ITEM # and DESCRIPTION_ IREK VOTED COUNCIL VOTED TYPE OF ITEM
10.1 & 10.2 & 10.3 Downtown Windsor Enhancement Strategy Yes 10-0 10-0

 

10.1 & 10.2 & 10.3 Downtown Windsor Enhancement Strategy: City Council approved 36 of 39 recommendations of the Downtown Windsor Enhancement Strategy unanimously. This is a strategy that provides incentives for private sector investment in the downtown core.

The majority of the incentives were aimed at improving and increasing commercial & retail space as well as residential offerings by, for example, providing grants to landlords to improve store fronts, or providing grants to entice landlords to convert upper floors of commercial buildings to residential apartment units.

There were three recommendations that invited debate and that ultimately did not pass.

I voted in favour of the first two: a Small Things Matter Community Grant would provide neighbourhood organizations a matching grant up to $1000 to help improve public spaces like boulevards and parks. The Alley Improvement Program would also provide incentives for community groups and commercial business owners a matching grant to improve public back alleys e.g. lighting etc.

I felt that both of these programs empower neighbours and leverages their energy and civic pride to improve public spaces in our community. I felt the City could be a great partner in such a program and the results could be reviewed regularly to make sure the results match the intent.

The one recommendation I voted against was the Small Things Matter Micro Grant program which would provide private home owners in the core with up to $1000 to make small improvements to their homes such as putting in a garden, or painting a fence or fixing a porch. I voted against for two reasons (a) the first is based on the administrative and operational challenges this program presents, namely, that staff time and resources would be tied up processing, administering and reviewing a lineup of very small projects – for example even small DIY projects valued at $50 (b) the second concern was with the fact that public dollars were being used to improve private property without a clear public-benefit. One can argue that incentives which leads to the opening up of a new store in the downtown core has the public benefit of (a) bringing a new service to the core that is open to the public (b) bringing job creators to the core in the form of a small business.

At the end of the debate – I was content to support 38 or 39 recommendations for the downtown core.

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I met with the City Engineer today to discuss the following issues:

(1) Update on current capital projects and those on the horizon for Ward 7

(2) Need to improve Banwell Road from Tecumseh Road East to Mulberry with streetlights, road expansion, multi-use trail

(3) I raised the idea of conducting a micro-study of a neighbourhood – such as Vanderbilt/Sandpoint streets – to (i) investigate how resilient are individual properties to flooding by checking things like grading, backwater valves, downspout disconnection etc. (ii) investigate City infrastructure and potential improvements that could be introduced.  The micro-study could be used as a pilot or demo for other neighbourhoods that have experienced flooding

(4) Flood mapping for Little River Corridor

(5) Need to expedite dyke improvements in Little River Corridor in order to protect homeowners against overland flooding – a risk that could have materialized had the major storm of August 29-30 tracked just a short distance east over the Little River Corridor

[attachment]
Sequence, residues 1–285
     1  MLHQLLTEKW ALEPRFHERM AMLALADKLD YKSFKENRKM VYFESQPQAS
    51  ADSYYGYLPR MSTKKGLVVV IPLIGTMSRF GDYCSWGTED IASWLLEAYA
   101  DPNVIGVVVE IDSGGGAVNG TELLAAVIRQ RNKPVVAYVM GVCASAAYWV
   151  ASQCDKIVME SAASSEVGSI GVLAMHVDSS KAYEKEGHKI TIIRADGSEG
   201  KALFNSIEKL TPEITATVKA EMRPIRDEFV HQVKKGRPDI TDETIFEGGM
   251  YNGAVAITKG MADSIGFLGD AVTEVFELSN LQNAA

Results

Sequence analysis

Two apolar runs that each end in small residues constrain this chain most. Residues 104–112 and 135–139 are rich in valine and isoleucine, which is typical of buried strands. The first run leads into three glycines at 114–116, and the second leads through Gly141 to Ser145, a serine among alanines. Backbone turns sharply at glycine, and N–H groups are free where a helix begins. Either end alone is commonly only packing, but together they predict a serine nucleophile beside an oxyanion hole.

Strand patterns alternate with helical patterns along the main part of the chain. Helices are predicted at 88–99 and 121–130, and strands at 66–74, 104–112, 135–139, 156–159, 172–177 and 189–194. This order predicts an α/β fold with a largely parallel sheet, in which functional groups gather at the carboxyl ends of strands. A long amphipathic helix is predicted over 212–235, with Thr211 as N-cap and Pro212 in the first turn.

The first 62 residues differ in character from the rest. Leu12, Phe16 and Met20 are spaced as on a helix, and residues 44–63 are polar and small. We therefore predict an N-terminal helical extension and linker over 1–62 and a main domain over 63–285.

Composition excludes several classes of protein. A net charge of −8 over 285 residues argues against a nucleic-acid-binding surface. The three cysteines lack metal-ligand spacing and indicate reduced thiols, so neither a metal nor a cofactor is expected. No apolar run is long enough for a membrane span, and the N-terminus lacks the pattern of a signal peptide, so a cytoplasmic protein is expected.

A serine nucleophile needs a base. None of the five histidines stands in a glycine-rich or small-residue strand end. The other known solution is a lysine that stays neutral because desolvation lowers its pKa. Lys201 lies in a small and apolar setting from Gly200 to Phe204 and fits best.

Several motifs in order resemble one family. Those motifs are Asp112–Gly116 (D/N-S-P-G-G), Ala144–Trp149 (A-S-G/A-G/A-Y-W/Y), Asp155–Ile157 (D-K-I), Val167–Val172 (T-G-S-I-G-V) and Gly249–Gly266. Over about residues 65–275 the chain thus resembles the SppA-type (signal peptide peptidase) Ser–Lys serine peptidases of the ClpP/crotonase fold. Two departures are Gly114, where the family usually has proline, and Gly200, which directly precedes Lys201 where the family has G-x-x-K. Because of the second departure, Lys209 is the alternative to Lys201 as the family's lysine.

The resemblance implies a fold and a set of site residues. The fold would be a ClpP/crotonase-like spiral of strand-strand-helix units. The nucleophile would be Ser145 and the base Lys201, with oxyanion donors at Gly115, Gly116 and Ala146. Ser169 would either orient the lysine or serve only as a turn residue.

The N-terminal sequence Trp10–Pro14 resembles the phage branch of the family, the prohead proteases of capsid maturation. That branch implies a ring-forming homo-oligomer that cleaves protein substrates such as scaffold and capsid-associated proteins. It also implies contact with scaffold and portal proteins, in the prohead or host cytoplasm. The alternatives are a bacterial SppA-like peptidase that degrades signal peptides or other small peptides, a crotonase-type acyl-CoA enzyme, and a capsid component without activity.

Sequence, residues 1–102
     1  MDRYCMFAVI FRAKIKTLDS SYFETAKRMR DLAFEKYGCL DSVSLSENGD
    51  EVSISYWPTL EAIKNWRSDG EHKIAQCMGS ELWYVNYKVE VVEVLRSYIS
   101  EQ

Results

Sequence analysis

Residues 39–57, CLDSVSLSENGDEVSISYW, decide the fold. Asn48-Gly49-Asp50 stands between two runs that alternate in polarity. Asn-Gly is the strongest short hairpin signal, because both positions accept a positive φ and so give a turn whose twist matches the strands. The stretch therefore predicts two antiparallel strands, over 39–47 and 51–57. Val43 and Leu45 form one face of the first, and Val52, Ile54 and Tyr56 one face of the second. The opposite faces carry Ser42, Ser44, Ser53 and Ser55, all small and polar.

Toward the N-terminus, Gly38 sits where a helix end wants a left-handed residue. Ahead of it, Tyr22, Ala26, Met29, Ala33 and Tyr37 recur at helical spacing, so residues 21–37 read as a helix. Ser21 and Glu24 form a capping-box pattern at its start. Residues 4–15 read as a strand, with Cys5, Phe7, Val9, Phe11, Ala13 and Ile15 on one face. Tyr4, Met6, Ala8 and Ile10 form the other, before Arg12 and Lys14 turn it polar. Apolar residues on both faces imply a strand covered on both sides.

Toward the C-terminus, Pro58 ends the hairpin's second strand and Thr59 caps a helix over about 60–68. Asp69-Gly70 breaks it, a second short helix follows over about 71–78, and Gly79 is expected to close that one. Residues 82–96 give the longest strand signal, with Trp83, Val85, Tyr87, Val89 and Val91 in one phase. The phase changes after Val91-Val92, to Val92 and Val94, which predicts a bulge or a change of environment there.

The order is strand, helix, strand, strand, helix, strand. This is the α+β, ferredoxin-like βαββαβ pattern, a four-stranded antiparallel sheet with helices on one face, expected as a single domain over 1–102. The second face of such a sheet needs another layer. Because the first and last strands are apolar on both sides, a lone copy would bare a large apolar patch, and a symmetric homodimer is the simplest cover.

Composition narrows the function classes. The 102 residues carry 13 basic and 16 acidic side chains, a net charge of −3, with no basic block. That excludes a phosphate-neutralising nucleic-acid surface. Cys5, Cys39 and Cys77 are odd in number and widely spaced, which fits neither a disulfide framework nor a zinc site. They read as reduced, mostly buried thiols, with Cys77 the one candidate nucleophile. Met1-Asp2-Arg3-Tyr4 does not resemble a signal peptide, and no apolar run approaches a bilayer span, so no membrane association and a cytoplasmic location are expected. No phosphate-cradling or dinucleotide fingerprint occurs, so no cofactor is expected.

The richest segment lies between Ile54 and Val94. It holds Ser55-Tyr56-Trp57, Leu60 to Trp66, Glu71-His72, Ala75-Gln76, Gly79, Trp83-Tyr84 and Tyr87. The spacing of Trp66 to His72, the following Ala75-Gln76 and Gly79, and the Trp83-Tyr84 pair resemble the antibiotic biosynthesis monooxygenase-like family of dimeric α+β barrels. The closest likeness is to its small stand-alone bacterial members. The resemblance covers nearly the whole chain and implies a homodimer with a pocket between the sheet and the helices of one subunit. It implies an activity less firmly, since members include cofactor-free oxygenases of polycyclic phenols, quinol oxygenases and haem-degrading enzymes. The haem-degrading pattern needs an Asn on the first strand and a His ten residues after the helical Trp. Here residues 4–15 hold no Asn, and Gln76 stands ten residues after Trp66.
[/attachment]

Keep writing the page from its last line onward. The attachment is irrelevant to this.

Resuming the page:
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ITEM # and DESCRIPTION_ IREK VOTED COUNCIL VOTED TYPE OF ITEM
5.1 Presentation by WEEDC CEO Yes 10-0 Presentation
6.1 Asset Management Plan 2018 Yes 10-0 Business
6.2 Workforce Management Project Request Yes 10-0 Business
Basement Flood Subsidy Program Report Yes 8-2 Business
       

 

The City Engineer provided a report on the Basement Flood Protection Subsidy Program.

The City Engineer introduced the new Fast Track program which allows residents to skip a Courtesy Visit by a City Inspector before hiring a contractor to install city-subsidized sump pumps, backwater valves and other items that helps flood-proof their homes. This allows the City to process the backlog of over 3,000 applications for the basement flood subsidy program.

My concern is that I get the sense from talking to residents that most folks prefer having the reassurance and information that comes with a City Inspector coming to their home and providing a Courtesy Pre-Inspection beforea resident makes the decision to invest $2800 to flood proof their home.

Hence – I asked that administration to report back on the investment necessary to increase the number of City Inspectors in order to expedite the traditional process which includes a Courtesy Pre-Inspection by a City Inspector – and I wanted to see how many inspectors it would take to reduce the wait time to 30 – 60 and 90 days.

 

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ITEM # and DESCRIPTION_ IREK VOTED COUNCIL VOTED TYPE OF ITEM
11.1 Little River Dykes Flood Protection Yes 10-0 Deferral
11.2 Synchro Canada 2018 Qualifier Yes` 10-0 Consent
11.3 Improvements to Basement Flood Protection Subsidy Program Yes 10-0 Presentation

 

Council Questions:

(1)    I asked administration to report back on staff adjustments necessary to reduce courtesy inspection wait times for the Basement Flood Protection Subsidy Program – from about 8-12 months to 30, 60 or 90 days. That motion did not pass.

(2)    I asked administration to report back on the current education campaign for the Basement Flood Protection Subsidy Program – to understand how social media has been employed including number of views, what is the content, and what improvements are recommended and needed to get this information into the hands of residents. This motion passed.

(3)    I asked administration to confer with the Windsor Police Services – Mr. Barry Horrobin – and report back on the safety of Banwell Road in the absence of street lighting on the stretch from Tecumseh Road East to EC Row. This motion passed.

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On Friday, September 8th – I had the privilege of joining a small group of folks gathered at the corner of McHugh & Cypress – just a stone’s throw from the Village of Aspen Lake Nursing Home – to honour the life and work of the late Rev. Charles Payne who was a tireless and fearless advocate for the inclusion and empowerment of all people with disabilities and a champion for the removal of barriers in the City of Windsor and beyond.